Our loyal readers – yes, both of you – may recall a hint of sorts we dropped a few months back regarding thinking about building a new boat. Things are now at a point where I am able to share more, as I have things underway, if at a pace that is in line with many a home-built project.
As I mentioned, I have been fascinated for some time with the skin-on-frame building style. I love that it is so closely tied to tradition – even using nylon skin. I also love the idea of using trunnels and lashing – such elegant simplicity. So that was one theme in my mind. Another long-time interest has been outrigger canoes. Love ’em – have for years. The look, the history – they have been the object of much of my recent doodles. Then there is the longest-held desire of all: to build to my own design. Well, I got to thinking and I got to drawing… and the result is a marriage of these themes. I am designing and building a skin-on-frame outrigger canoe.
A few thoughts may jump to your minds, like, “gee, do you have any experience with either skin-on-frame or outrigger canoes?” And the answer is, in both cases, no. I have read a bunch, but the fact is that this is a grand experiment. The results could be sub-par, but I have aimed to keep things reasonably simple and will get the boat in paddling shape before investing in rigging for sail. I can always bail (no pun intended) if I don’t think the end results merit going farther. And of course, I have you all to give me feedback before I get much farther (I am working on the ama first because it’s smaller and could be done very cheaply).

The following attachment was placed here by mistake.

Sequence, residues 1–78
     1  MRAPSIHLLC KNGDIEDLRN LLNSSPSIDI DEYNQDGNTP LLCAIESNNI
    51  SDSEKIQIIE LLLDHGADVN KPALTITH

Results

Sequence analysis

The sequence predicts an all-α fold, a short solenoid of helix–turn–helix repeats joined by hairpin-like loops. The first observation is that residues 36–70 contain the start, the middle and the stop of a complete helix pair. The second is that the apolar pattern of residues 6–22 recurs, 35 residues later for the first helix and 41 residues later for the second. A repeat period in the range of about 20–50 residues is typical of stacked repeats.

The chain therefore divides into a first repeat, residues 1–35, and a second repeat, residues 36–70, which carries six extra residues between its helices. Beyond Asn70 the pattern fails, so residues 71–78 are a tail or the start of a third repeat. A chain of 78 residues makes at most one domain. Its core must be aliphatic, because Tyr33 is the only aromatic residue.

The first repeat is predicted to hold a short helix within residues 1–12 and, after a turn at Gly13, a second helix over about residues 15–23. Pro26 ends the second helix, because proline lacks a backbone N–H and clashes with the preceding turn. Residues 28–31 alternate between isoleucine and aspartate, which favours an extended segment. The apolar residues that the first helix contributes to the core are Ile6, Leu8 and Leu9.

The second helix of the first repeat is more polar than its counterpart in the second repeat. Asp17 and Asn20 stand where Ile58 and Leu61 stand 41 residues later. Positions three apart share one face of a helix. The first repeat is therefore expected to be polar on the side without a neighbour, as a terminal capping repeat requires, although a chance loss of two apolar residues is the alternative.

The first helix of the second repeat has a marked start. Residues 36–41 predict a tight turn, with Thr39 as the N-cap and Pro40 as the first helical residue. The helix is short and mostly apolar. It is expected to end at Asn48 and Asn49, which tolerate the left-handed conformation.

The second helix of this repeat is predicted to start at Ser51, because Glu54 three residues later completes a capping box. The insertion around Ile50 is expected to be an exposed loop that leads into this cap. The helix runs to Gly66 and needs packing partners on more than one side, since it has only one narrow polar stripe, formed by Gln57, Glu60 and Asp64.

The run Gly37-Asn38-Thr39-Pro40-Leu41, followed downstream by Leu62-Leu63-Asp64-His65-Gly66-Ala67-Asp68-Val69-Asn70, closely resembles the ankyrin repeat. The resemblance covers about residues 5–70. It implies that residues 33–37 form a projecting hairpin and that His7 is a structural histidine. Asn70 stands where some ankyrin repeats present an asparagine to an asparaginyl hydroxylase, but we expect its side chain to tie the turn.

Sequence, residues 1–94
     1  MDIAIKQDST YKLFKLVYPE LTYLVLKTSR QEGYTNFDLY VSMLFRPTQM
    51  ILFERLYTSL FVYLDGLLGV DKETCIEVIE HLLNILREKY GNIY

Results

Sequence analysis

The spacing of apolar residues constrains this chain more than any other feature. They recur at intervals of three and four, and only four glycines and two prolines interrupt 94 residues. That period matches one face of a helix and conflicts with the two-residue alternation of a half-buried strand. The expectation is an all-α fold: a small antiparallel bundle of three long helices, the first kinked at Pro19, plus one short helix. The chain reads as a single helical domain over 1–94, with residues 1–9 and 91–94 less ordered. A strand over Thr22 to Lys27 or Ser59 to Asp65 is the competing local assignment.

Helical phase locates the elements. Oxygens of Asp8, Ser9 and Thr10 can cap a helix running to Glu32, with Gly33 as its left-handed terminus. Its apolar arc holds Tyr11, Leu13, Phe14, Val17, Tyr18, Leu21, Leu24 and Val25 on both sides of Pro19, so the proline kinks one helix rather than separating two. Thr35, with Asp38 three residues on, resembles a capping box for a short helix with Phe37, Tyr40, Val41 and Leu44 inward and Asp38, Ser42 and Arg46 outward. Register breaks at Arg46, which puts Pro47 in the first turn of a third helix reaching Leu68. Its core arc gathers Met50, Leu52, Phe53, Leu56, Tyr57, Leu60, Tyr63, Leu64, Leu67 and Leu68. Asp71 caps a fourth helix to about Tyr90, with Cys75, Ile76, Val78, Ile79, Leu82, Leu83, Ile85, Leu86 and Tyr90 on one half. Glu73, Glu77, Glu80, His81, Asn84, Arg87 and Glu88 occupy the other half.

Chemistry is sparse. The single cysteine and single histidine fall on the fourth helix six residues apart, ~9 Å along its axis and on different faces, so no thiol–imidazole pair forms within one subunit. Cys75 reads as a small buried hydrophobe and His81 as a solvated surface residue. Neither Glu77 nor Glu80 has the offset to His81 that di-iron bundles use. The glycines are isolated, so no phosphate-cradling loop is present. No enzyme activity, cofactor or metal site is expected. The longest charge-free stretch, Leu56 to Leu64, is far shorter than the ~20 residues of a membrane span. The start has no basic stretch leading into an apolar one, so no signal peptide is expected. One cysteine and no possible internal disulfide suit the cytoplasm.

So without first ado, here are some incredibly lousy reproductions of my drawings (I’ll try to replace with better versions). She is 18′ long, for those trying to get a sense of scale. The aren’t complete because I wanted to get myself building. I have lofted parts separately and may post those along the way. Click on the image to see bigger versions.
You may note that I have consciously blended traditions in a sort of nautical mash-up. The sailing outrigger is Indo-Pacific, of course, though I grabbed an ama connection approach that is from the African extreme of outrigger territory. The ends then hail from Central Canadian birch-bark tradition while the rig is decidedly Anglo-American. Some will call this a hash; I call it a gorgeous mosaic of cultures. I like fusion in food and music; why not boats too?
Now, let’s remember that I am taking a flyer here and this is my first time putting my wood where my pencil is, if you will. So let us review how to put comments in a positive light:
- If you think she won’t sail well, you can say “I bet she’ll be a champ going downwind and downcurrent”
- If you think she might be unsound, you might try “that’s a great boat for shoals – I wouldn’t bother taking her anywhere else!”
- If you think she’s ugly, I suggest “what a fine boat for cruising the harbor in the dead of night”
- And so on – you get the drift ;^)
Seriously – I want feedback, but be gentle!
One might also ask: whither the boat I just built a couple years ago? Well, there have been two related problems with PEACE OF THE PUZZLE. One, it is heavy enough that my wife struggles to lift it, diminishing opportunities for and interest in use. Second, given the weight, I can’t take it out myself with one or two kids, which I would have more opportunity to do, given schedules. I expect a skin-on-frame boat, especially one that disassembles a bit, will be much lighter and, at least, give my wife a break.